The White Sox finished 0-for-6 with runners in scoring position, including stranding the tying run in the ninth as Joe Smith got pinch-hitter Adam LaRoche to bounce into a game-ending double play with two aboard.

LaRoche originally was ruled safe at first on the play but league officials overturned the call after a 3-minute, 36-second replay review.

Instead of having another chance to tie, the White Sox lost. And Samardzija was forced to think about giving up a solo homer instead of focusing on his best start in weeks.

“I’m happy with the fact that what had been getting me in trouble before was giving up little hits and letting them get to me and then it snowballs,” Samardzija said. “I wanted to go out there and stay in control of the game and continue to make good pitches. Regardless of the results, justkeep doing that.

“I was pleased with how that went. Like I said, I’m more disappointed in falling behind 2-0 than the pitch that happened and the result. You are in attack mode there, 0-0, you want to be ahead in the count or at least 1-1.”

White Sox Talk Podcast: What it would take for the White Sox to sign Manny Machado


White Sox Talk Podcast: What it would take for the White Sox to sign Manny Machado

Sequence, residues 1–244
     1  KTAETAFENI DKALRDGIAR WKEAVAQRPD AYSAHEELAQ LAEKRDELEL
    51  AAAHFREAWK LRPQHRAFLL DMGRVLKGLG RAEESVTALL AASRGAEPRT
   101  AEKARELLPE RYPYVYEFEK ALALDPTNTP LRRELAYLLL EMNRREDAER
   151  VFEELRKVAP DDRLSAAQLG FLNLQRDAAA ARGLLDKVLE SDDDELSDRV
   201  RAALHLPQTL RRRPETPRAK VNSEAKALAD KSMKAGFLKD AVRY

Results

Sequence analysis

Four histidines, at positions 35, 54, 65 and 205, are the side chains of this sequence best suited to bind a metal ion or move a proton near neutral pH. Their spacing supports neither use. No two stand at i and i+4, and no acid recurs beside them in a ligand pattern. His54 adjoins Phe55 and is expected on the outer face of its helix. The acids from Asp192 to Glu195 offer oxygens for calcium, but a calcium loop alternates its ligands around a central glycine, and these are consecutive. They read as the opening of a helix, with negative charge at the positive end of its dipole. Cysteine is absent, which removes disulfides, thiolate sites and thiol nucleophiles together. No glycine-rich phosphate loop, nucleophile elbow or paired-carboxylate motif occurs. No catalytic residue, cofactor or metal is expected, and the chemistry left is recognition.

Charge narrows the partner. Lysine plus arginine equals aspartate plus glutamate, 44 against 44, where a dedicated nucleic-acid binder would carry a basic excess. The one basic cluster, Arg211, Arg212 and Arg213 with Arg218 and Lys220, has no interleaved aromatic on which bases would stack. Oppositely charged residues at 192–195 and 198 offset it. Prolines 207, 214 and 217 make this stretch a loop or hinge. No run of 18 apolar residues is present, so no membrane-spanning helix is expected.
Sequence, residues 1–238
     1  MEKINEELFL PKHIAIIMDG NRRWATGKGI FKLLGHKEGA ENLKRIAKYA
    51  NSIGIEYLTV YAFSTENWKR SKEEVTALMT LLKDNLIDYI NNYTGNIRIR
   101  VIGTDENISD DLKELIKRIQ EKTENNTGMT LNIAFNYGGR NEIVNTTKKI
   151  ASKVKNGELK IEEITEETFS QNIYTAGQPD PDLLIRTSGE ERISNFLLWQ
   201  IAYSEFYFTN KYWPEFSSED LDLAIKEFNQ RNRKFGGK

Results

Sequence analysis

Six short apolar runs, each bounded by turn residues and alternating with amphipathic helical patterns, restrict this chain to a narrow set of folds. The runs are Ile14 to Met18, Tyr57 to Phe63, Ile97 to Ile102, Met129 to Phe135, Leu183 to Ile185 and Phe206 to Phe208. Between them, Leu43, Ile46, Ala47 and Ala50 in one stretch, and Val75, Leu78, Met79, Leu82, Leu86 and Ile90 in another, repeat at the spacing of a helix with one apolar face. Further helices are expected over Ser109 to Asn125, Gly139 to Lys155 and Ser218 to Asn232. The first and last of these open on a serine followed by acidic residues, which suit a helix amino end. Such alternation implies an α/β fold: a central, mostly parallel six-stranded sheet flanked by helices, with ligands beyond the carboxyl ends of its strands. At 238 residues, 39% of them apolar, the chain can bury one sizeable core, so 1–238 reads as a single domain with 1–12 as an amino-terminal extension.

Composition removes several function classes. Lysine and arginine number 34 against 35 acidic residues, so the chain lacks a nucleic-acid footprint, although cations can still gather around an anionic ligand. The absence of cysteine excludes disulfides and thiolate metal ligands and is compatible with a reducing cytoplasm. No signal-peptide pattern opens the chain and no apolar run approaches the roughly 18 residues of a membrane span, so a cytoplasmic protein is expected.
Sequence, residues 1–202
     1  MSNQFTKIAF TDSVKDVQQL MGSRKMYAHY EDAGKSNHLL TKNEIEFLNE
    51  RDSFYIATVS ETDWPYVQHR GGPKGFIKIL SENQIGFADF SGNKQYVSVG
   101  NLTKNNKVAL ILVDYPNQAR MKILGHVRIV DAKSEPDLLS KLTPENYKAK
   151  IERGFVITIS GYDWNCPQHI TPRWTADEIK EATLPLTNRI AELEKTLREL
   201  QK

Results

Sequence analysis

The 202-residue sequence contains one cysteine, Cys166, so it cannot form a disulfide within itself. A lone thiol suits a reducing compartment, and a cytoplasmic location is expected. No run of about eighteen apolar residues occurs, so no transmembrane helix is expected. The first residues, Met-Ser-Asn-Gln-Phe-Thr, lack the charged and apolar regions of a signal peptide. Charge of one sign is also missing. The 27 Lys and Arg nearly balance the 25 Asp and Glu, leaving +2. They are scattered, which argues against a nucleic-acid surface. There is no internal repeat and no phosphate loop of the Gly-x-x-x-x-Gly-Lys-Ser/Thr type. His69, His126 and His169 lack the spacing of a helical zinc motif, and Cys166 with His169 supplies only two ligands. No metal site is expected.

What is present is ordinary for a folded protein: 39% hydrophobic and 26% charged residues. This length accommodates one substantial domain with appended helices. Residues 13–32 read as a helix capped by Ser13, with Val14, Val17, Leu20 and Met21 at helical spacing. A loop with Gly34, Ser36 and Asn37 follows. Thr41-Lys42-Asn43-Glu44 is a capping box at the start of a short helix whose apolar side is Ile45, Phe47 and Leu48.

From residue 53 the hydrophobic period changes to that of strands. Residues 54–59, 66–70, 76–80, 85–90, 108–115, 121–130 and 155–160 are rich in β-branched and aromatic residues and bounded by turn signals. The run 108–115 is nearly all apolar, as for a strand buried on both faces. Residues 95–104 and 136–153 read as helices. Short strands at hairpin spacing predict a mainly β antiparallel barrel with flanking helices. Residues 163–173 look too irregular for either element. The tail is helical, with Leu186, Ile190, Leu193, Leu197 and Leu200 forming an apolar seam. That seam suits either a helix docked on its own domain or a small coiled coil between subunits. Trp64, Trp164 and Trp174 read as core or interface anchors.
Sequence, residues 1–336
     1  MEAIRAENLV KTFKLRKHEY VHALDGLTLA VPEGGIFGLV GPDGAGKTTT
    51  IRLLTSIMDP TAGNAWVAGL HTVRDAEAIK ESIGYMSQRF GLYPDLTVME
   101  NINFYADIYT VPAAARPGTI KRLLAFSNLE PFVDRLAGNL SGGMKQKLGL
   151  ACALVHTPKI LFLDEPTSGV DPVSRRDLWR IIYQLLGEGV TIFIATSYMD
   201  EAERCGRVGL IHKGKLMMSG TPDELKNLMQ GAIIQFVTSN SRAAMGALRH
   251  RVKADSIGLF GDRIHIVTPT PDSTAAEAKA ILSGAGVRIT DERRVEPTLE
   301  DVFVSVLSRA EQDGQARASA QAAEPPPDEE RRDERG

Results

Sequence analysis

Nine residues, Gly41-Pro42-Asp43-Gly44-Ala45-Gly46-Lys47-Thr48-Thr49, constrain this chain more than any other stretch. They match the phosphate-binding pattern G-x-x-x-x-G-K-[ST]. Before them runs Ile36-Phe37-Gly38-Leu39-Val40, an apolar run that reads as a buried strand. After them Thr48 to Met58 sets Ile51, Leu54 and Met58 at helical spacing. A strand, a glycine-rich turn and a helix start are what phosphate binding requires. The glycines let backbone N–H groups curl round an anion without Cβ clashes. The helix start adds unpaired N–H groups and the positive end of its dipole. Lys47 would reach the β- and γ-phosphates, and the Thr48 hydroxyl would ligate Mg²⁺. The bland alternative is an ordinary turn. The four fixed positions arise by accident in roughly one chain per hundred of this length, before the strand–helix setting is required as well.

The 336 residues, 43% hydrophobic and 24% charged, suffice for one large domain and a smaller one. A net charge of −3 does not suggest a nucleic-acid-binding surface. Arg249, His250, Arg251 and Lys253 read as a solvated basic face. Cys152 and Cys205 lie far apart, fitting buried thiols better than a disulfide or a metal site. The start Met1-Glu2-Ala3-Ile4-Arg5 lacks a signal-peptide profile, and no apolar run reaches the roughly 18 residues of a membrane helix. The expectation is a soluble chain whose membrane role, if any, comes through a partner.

It might be a long shot for the White Sox to sign free agent Manny Machado, but here on the White Sox Talk Podcast, we like dark horses. Chuck Garfien, Ryan McGuffey and Vinnie Duber discuss what it would take to bring Machado to the South Side. Plus, is he "the" guy the White Sox are targeting this offseason? Will the Rockies listen to trade offers for Nolan Arenado a year before he reaches free agency? Plus, Chuck talks about a cost-controlled, All-Star on a rebuilding team that could be an answer at third base.

Listen to the full podcast here or via the embedded player below:

On this day in 2005: White Sox pitchers put the CG in Chicago

On this day in 2005: White Sox pitchers put the CG in Chicago

Mark Buehrle. Jon Garland. Freddy García. José Contreras.

The 2005 White Sox had four consecutive complete games to finish off the 2005 ALCS — Contreras took his turn in Game 5 against the Angels 13 years ago Tuesday. How special was that run of starting pitching to finish that series? Consider the following six statements:

— No team has had more than two complete games in a single postseason, let alone a postseason series, since.

— There has been a grand total of four complete games in 188 postseason games (through Monday) since the beginning of 2016.

— Those 2005 White Sox remain the only team with four complete games in a single LCS (which went to a best-of-seven format in 1985).

— They are the only team since the 1968 Tigers (in the World Series) with at least four complete games in any postseason series.

— They are the only team since the 1956 Yankees (in the World Series) with at least four consecutive complete games in a series. (The Yankees had five in a row: Games 3 through 7.)

— They are the only team since the 1928 Yankees (in the World Series) with at least four consecutive complete-game wins in a series (Games 1 through 4).

Take a moment to look back and appreciate what Don Cooper’s troops were able to accomplish in that series. The way the game is played nowadays, we will never see it again.